What Should We Look for in Indie D&D Adventures?

I don’t see a lot of reviews of independent Dungeons & Dragons adventures. This makes sense as there are hundreds of thousands of homebrews, one-shots, and settings created by players for other players covering nearly every edition of fantasy tabletop you can imagine. Quite simply, there’s too much out there. But that feels like a cop-out.

Tabletop gaming is one more genre of storytelling, and as such, it deserves attention. I’ve been playing 5E D&D for barely over a year now. I’ve come to love it as a method of storytelling and serious play. I’ve begun to write my own adventures as well as read and run those written by others. When I watch gaming streams, I find myself approaching it like I would a novel or a film. That is, I’m analyzing it, critiquing it so my pleasure is heightened. I know not many people are interested in this. Most fandom considers criticism is a pejorative term. I don’t. Again, it’s how I get the most out of what I enjoy and it allows me to keep coming back to experience something new.

To this end, I’m going to write a series of Dungeons & Dragons 5E adventure reviews. These will be adventures I may have played, run as a DM, or just read. People work hard on crafting their adventures, on writing stories for others to not just read but incorporate into their own stories as players. Therefore, they deserve attention.


Mechanics & Roleplay

But first, what is it we should be looking for in an adventure?

When it comes to reviewing tabletop fantasy adventures, we need to have a clear rubric. There are two aspects making up the foundation of every adventure, mechanics and roleplay. For those players looking to find the maximum effectiveness of characters, mechanics is a major issue while roleplay is typically a secondary and sometimes even tertiary concern. For roleplayers, mechanics is often seen as an obstruction to storytelling that must be dealt and then forgotten. These are two extreme poles, caricatures really, and no gamer or game epitomizes either, rather we all at various moments shade ourselves along this spectrum (much like we do with alignment).

Reviewing an adventure revolves around determining and expressing how well crafted it is from the perspective of mechanics and roleplay. Analyzing how different aspects of the adventure either heighten or dampen each aspect. Still, this can seem overly broad and subjective and while we cannot entirely escape either we can in good faith strive towards an objective stance by asking questions in some key areas. When I review adventures, I’ll be looking at their structure and creativity. Addressing these areas and the questions within them will go a long way towards answering the generic “Will I have fun?”



Pacing: How is the story paced? By which I mean, the duration and number of encounters and quickly players can move through the adventure. 

Exposition and Description: Every adventure is a story. When we play, we are incorporating the story into our larger narrative. So, we must ask just how much detail is provided and is that detail enough or too much, vital or trivial. In terms of how the adventure itself is presented, has the author provided enough information so that player questions can be addressed by the DM?

Ease of Play: What is the ease of play for the players and for the DM? Are the encounters appropriately difficult and/or unique? Are they weighted towards combat, exposition, or roleplay and is there enough resources both in game and out for each? It’s also important to know just how an adventure expects out of players/DM. Will a DM have to expend a good amount of effort to color/flavor the narrative, make it fit into a separate campaign, or populate the adventure themselves? Ease of Play asks just how rigid or flexible is the adventure.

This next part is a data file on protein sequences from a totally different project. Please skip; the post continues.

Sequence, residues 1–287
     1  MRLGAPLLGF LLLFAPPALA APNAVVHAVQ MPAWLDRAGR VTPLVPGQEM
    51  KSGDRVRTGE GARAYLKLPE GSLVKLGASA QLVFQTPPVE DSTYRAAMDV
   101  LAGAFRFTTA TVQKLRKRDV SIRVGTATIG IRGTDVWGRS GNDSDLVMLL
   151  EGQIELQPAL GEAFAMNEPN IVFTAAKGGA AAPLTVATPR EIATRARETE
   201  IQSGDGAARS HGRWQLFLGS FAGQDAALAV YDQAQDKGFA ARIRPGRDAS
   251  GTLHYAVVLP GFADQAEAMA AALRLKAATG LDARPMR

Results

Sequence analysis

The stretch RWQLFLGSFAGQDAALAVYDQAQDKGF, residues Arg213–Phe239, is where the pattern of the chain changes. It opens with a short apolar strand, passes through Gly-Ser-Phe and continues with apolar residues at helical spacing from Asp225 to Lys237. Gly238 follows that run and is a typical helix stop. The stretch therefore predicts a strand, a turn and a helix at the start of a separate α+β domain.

Art: For some players, art is very important to their enjoyment of an adventure. But art rarely has a meaningful impact on the quality of the adventure. Or does it? When reviewing an adventure, we need to ask to what degree does the art involved (images of monsters or NPCs, external depictions or descriptions of settings, and maps both micro and macro) impact the story being told and the gameplay.

Hooks: Often in adventures we are given ‘hooks,’ narrative devices meant to prompt players to make decisions and stay motivated through the adventure. We need to ask, are these ‘hooks’ cliche and tiresome or innovative and energizing. We also need to think about number of hooks for if an adventure constantly relies on prompts, is it a compelling adventure?

Judgment: People often want to know what the best and worst parts of an adventure are. Such questions conflate subjective experience with objective quality. The reviewers job is to examine each showing how they inform (strength and/or weaken) the other while providing a clear assertive judgment on both.


So this is how I’m going to approach reviewing Dungeons & Dragons 5e adventures. All of the adventures I will be reviewing will be easily available and either Free or Pay What You Want. 

Here are the adventures I plan on covering this month. If you have an adventure you’d like to see reviewed, feel free to contact me:

Xynkil’s Vault

The Orc Raiders


Tomb of the Iron Kings

The Hourglass

The Hills of Woodpine

Leave a Reply

Fill in your details below or click an icon to log in:

WordPress.com Logo

You are commenting using your WordPress.com account. Log Out /  Change )

Google photo

You are commenting using your Google account. Log Out /  Change )

Twitter picture

You are commenting using your Twitter account. Log Out /  Change )

Facebook photo

You are commenting using your Facebook account. Log Out /  Change )

Connecting to %s